Generally speaking, purpose-built holiday resorts just don’t do it for me. They lack some of the things I look for when I travel. I’ve stayed in plenty over the years but after a couple of days I’m ready to move on. Subsequently I wouldn’t book a week or a fortnight’s holiday in one.
But that’s my travelling preference rather than a judgement on purpose-built holiday resorts.
Many of the people who come to Tenerife will end up staying at a purpose-built resort. That’s a fact. There are a number of reasons for this. A lot of investment has gone into Tenerife’s resorts to make them as attractive as possible in a tourist market that is increasingly competitive. As a result, time has also been invested in marketing these resorts. The success of Costa Adeje as a brand is an example of how effective that marketing has been.
Purpose-built resorts also supply the average holidaymaker with the sort of ingredients that make for a relaxing and fun holiday experience – good hotels and plenty of beaches, bars and restaurants. Tenerife’s weather does the rest.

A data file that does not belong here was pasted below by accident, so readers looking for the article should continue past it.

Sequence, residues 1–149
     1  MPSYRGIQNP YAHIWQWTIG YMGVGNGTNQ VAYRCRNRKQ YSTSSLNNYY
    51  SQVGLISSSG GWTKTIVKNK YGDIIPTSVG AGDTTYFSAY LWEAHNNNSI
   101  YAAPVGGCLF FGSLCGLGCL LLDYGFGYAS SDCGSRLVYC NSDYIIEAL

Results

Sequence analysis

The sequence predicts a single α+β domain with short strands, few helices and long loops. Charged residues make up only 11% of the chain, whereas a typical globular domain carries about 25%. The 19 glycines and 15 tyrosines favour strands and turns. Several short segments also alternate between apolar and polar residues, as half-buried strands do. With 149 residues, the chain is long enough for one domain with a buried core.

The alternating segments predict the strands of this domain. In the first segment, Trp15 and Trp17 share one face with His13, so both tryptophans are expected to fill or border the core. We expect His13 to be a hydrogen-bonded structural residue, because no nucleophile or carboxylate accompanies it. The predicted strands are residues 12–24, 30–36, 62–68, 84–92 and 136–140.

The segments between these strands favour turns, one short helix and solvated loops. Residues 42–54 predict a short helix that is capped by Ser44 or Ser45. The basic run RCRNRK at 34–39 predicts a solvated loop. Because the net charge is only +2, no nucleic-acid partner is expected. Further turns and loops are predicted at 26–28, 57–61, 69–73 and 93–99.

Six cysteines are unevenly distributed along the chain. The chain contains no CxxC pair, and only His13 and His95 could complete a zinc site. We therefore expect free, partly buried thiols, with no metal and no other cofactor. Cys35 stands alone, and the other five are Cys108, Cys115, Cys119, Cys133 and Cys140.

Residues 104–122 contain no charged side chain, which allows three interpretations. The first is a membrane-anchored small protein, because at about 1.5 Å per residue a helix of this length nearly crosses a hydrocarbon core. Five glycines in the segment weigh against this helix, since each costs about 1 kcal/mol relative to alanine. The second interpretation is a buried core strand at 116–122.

The other thing is that they are fun. Kick back, let your hair down and relax good fun. We were in a bar in San Eugenio and the fun the punters were having was infectious. It was a great holiday bar that brought back memories of other great holiday bars in places we’ve visited around the world. It had a bouncing atmosphere.
I totally understand the attraction of these resorts and, in the ten years we’ve been here, many have ‘upped’ their game in terms of the quality of what’s on offer. A couple haven’t and still fit the tired naff 80s ‘Blackpool in the sun’ image that the island has had around its neck like an albatross wielding a double edged sword for years. I can think of one resort that reminds me of inner city east Manchester 15 years ago.
We talk to lots of people who look down their noses at Playa de las Américas and yet to me the area around the Safari Centre epitomises the very best of what a modern purpose built beach resort can offer. I know we harp on about the ‘real Tenerife’ but that’s because the bulk of the island has been ignored by the British press and online English language forums for years. It still is. The balance in the English speaking world is seriously weighted towards what is a geographical minority. Plus the ‘real’ Tenerife is a much more interesting place if you’re the sort of person who likes to explore the destinations you visit.